VS.

Conflict vs. Coincide

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Conflictnoun

A clash or disagreement, often violent, between two or more opposing groups or individuals.

‘The conflict between the government and the rebels began three years ago.’;

Coincideverb

To occupy exactly the same space.

‘The two squares coincide nicely.’;

Conflictnoun

An incompatibility, as of two things that cannot be simultaneously fulfilled.

‘I wanted to attend the meeting but there's a conflict in my schedule that day.’;

Coincideverb

To occur at the same time.

‘The conference will coincide with his vacation.’;

Conflictverb

(intransitive) To be at odds (with); to disagree or be incompatible

Coincideverb

To correspond, concur, or agree.

‘Our ideas coincide, except in certain areas.’;

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Conflictverb

(intransitive) To overlap (with), as in a schedule.

‘Your conference call conflicts with my older one: please reschedule.’; ‘It appears that our schedules conflict.’;

Coincideverb

To occupy the same place in space, as two equal triangles, when placed one on the other.

‘If the equator and the ecliptic had coincided, it would have rendered the annual revoluton of the earth useless.’;

Conflictnoun

A striking or dashing together; violent collision; as, a conflict of elements or waves.

Coincideverb

To occur at the same time; to be contemporaneous; as, the fall of Granada coincided with the discovery of America.

Conflictnoun

A strife for the mastery; hostile contest; battle; struggle; fighting.

‘As soon as he [Atterbury] was himself again, he became eager for action and conflict.’; ‘An irrepressible conflict between opposing and enduring forces.’;

Coincideverb

To correspond exactly; to agree; to concur; as, our aims coincide.

‘The rules of right jugdment and of good ratiocination often coincide with each other.’;

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Conflictverb

To strike or dash together; to meet in violent collision; to collide.

‘Fire and water conflicting together.’;

Coincideverb

go with, fall together

Conflictverb

To maintain a conflict; to contend; to engage in strife or opposition; to struggle.

‘A man would be content to . . . conflict with great difficulties, in hopes of a mighty reward.’;

Coincideverb

happen simultaneously;

‘The two events coincided’;

Conflictverb

To be in opposition; to be contradictory.

‘The laws of the United States and of the individual States may, in some cases, conflict with each other.’;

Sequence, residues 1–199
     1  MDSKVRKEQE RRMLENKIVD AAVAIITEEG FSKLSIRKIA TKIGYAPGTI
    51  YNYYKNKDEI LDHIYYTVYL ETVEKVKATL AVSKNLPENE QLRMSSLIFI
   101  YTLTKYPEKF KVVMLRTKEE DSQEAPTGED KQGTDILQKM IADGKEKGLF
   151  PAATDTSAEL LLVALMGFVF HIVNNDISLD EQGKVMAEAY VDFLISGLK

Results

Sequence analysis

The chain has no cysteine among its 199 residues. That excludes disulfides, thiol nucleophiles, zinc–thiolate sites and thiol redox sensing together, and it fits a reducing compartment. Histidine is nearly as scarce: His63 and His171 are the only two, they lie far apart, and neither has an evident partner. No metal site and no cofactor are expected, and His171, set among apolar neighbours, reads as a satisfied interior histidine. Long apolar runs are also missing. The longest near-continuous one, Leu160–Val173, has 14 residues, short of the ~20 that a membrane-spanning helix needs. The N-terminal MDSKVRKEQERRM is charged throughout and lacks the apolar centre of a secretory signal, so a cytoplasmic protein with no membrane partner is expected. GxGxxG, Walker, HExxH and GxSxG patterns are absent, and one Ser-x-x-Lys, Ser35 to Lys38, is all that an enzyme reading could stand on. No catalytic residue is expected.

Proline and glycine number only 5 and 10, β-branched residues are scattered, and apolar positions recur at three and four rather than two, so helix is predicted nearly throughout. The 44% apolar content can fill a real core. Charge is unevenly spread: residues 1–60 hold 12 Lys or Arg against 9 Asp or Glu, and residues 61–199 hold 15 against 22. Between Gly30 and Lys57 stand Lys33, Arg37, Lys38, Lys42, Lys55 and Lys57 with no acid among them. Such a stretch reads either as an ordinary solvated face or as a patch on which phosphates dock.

Coincideverb

be the same;

‘our views on this matter coincided’;

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Conflictnoun

an open clash between two opposing groups (or individuals);

‘the harder the conflict the more glorious the triumph’; ‘police tried to control the battle between the pro- and anti-abortion mobs’;

Coincideverb

occur at the same time

‘publication is timed to coincide with a major exhibition’;

Conflictnoun

opposition between two simultaneous but incompatible feelings;

‘he was immobilized by conflict and indecision’;

Coincideverb

be present at the same place and at the same time

‘on Friday afternoons we generally coincided’;

Conflictnoun

a hostile meeting of opposing military forces in the course of a war;

‘Grant won a decisive victory in the battle of Chickamauga’; ‘he lost his romantic ideas about war when he got into a real engagement’;

Coincideverb

correspond in position; meet

‘the two long-distance walks briefly coincide here’;

Conflictnoun

a state of opposition between persons or ideas or interests;

‘his conflict of interest made him ineligible for the post’; ‘a conflict of loyalties’;

Coincideverb

correspond in nature; tally

‘the interests of employers and employees do not always coincide’;

Conflictnoun

an incompatibility of dates or events;

‘he noticed a conflict in the dates of the two meetings’;

Coincideverb

be in agreement

‘the members of the College coincide in this opinion’;

Conflictnoun

opposition in a work of drama or fiction between characters or forces (especially an opposition that motivates the development of the plot);

‘this form of conflict is essential to Mann's writing’;

Conflictnoun

a disagreement or argument about something important;

‘he had a dispute with his wife’; ‘there were irreconcilable differences’; ‘the familiar conflict between Republicans and Democrats’;

Conflictverb

be in conflict;

‘The two proposals conflict!’;

Conflictverb

go against, as of rules and laws;

‘He ran afould of the law’; ‘This behavior conflicts with our rules’;

Conflictnoun

a serious disagreement or argument, typically a protracted one

‘the eternal conflict between the sexes’; ‘doctors often come into conflict with politicians’;

Conflictnoun

a prolonged armed struggle

‘regional conflicts’;

Conflictnoun

a state of mind in which a person experiences a clash of opposing feelings or needs

‘bewildered by her own inner conflict, she could only stand there feeling vulnerable’;

Conflictnoun

a serious incompatibility between two or more opinions, principles, or interests

‘there was a conflict between his business and domestic life’;

Conflictverb

be incompatible or at variance; clash

‘the date for the match conflicted with a religious festival’; ‘parents' and children's interests sometimes conflict’;

Conflictverb

having or showing confused and mutually inconsistent feelings

‘he remains a little conflicted about Marlene’;

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